We all long to have excellent health to get the most out of life. Unfortunately, however, many people are diagnosed with diabetes worldwide daily. Although this diagnosis can be devastating, most people don’t know much about the most diagnosed health complication. As a result, we might not know how diabetes can affect our daily lives. Well Heeled takes a closer look at this topic.
So – How Does Diabetes Affect Daily Life?
The sad reality is that diabetes has a long-term effect on daily life. However, these effects can be minimized by taking preventive measures and making lifestyle changes. Being diagnosed with diabetes isn’t a death sentence, but it should be regarded as a serious wake-up call that steps are needed to ensure an improvement in overall health.
Diabetes can affect our daily lives in many ways, with the most important being:
- The way we exercise
- How we travel
- Our employment
- How we age
- Our sex life
Each of these aspects could be affected significantly by diabetes, and, as a result, they require measurable action to be taken to minimize complications and risks. Here are the consequences and preventative measures for each of these factors of life:
1. How we exercise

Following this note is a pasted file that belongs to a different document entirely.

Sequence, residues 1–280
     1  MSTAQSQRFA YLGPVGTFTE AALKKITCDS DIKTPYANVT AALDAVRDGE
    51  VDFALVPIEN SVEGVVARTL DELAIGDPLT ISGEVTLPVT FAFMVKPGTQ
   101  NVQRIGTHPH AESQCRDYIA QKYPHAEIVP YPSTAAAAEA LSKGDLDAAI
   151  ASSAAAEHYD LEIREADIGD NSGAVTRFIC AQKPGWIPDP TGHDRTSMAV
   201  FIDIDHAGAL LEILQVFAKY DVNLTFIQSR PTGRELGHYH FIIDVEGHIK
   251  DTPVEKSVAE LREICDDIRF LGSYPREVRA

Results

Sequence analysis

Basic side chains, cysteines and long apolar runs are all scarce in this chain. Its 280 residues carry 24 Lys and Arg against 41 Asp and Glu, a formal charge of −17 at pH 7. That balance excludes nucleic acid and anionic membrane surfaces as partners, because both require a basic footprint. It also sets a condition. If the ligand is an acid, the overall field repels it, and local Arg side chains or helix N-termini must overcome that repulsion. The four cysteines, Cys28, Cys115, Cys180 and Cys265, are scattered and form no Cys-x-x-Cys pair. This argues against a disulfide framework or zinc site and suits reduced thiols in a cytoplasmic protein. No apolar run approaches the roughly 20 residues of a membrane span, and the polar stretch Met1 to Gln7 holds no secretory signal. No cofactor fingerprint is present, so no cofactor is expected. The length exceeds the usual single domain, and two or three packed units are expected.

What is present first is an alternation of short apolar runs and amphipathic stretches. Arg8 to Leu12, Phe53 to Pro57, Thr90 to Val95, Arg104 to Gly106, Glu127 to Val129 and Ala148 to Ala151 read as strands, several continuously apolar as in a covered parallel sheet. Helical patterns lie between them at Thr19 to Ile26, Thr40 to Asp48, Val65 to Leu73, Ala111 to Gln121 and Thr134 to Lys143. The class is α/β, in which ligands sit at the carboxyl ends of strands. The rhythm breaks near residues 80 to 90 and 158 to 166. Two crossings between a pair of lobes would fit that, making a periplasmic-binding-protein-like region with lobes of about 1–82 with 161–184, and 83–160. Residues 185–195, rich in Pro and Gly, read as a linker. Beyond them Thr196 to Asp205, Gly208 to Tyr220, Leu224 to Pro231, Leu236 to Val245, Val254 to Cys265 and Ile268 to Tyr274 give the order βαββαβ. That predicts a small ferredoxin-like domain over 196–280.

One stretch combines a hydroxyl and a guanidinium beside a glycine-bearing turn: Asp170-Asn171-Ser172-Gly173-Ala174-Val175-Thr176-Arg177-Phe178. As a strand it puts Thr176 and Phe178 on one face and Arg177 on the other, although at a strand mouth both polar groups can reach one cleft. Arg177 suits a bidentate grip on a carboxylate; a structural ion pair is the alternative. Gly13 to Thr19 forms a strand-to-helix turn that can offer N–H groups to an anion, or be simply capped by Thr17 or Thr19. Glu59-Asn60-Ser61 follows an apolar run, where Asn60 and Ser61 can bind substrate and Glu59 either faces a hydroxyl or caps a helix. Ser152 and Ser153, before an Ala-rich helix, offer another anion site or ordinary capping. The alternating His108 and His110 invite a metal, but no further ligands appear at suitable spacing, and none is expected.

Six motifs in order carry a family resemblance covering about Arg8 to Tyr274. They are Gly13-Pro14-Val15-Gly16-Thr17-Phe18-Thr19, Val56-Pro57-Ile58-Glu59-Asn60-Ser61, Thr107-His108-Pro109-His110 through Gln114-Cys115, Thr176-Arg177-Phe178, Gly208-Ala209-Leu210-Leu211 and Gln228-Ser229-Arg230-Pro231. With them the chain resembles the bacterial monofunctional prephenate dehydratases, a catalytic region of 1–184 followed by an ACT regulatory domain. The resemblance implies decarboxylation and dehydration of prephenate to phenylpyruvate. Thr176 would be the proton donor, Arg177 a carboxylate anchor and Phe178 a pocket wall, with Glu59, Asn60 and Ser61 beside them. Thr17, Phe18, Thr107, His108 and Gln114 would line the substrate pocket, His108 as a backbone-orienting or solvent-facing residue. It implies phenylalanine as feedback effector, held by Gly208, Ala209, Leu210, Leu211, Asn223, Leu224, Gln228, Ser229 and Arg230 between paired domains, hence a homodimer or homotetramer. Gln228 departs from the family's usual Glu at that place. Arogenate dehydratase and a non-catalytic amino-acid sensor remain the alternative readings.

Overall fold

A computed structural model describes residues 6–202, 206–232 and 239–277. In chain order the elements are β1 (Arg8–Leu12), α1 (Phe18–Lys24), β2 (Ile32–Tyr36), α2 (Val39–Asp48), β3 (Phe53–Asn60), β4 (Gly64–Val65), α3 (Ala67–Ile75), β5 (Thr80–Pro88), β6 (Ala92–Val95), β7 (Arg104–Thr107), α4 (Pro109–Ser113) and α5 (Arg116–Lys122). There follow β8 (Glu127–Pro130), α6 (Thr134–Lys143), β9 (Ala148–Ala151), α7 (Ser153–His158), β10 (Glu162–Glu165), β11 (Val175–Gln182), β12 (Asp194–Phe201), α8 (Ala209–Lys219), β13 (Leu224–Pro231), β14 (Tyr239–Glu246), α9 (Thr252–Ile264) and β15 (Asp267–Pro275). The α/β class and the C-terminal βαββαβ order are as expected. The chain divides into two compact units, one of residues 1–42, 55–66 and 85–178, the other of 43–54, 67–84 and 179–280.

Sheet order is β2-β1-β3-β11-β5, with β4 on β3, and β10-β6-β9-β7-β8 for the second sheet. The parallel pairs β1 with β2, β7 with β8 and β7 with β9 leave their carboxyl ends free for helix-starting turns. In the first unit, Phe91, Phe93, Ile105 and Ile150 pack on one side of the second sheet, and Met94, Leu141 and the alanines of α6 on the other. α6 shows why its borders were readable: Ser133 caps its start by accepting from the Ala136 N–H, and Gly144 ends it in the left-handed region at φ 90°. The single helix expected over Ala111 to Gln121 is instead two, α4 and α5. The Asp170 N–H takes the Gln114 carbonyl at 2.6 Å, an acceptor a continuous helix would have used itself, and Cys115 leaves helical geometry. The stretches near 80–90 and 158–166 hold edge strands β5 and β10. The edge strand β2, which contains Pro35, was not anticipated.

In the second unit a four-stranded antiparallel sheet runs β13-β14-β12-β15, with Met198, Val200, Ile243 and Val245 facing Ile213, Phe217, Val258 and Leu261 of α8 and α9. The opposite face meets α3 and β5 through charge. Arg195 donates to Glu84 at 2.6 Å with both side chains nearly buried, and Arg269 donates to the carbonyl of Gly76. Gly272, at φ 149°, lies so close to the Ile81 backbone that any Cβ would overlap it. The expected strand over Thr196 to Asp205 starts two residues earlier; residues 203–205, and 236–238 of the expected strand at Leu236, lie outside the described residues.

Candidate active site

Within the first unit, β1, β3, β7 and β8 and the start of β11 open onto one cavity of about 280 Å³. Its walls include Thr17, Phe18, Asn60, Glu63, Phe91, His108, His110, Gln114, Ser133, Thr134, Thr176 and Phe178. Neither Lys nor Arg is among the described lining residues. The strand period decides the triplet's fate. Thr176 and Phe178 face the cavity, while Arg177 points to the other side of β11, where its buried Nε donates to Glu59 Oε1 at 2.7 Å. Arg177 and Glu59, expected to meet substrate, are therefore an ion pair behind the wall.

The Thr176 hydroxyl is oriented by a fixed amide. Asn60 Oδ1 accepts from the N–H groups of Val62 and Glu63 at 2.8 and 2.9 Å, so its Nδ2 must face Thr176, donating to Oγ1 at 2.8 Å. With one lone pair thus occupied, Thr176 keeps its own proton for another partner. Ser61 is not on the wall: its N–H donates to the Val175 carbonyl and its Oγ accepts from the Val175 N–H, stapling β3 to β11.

Regular exercise is needed for a well-balanced and healthy life. In fact, experts agree that 30 minutes of moderate exercise a day can minimize the risk of suffering health complications. Although exercise is needed after a diabetes diagnosis, the way someone exercises might need to be adapted.
Diabetes involves irregular blood sugar levels. Exercising while experiencing varying blood sugar levels can lead to injury, and therefore, it is needed that a person with diabetes carefully monitors blood sugar levels while exercising. In addition, since those with diabetes can struggle with blood circulation, sports that could lead to injury should be avoided. Therefore, these sports should best be avoided when a diagnosis of diabetes has been made:
- Rock climbing
- Extreme cycling
- Scuba diving
Alternatively, if someone is very eager to start any of these sports after a diabetes diagnosis, it is best to ask a doctor’s opinion first. Someone with diabetes must keep staying active. However, it is recommended that exercise forms that aren’t too strenuous or dangerous are chosen. As a result, walking, swimming, or cycling are regarded as the best forms of exercise for people with diabetes.
Someone with diabetes has many more things to consider when travelling than someone without diabetes. The reason for this is the monitoring requirements that the health condition brings. Someone who has diabetes needs to consider the following before jumping on a plane or in a car:
- Do I have my medical supply kit that includes my diabetes treatment?
- Will I be able to monitor my blood sugar levels regularly?
- How long will I be in a sitting position?
- Will it be possible for me to move around and get sufficient blood circulation in my legs and feet?
- Have I dressed appropriately for long-distance travelling? In this case, it has been recommended that people with diabetes consider investing in suppression socks for improved circulation in the feet and legs.
By asking these questions before beginning any travelling, someone with diabetes might notice that something wasn’t packed.
3. Employment factors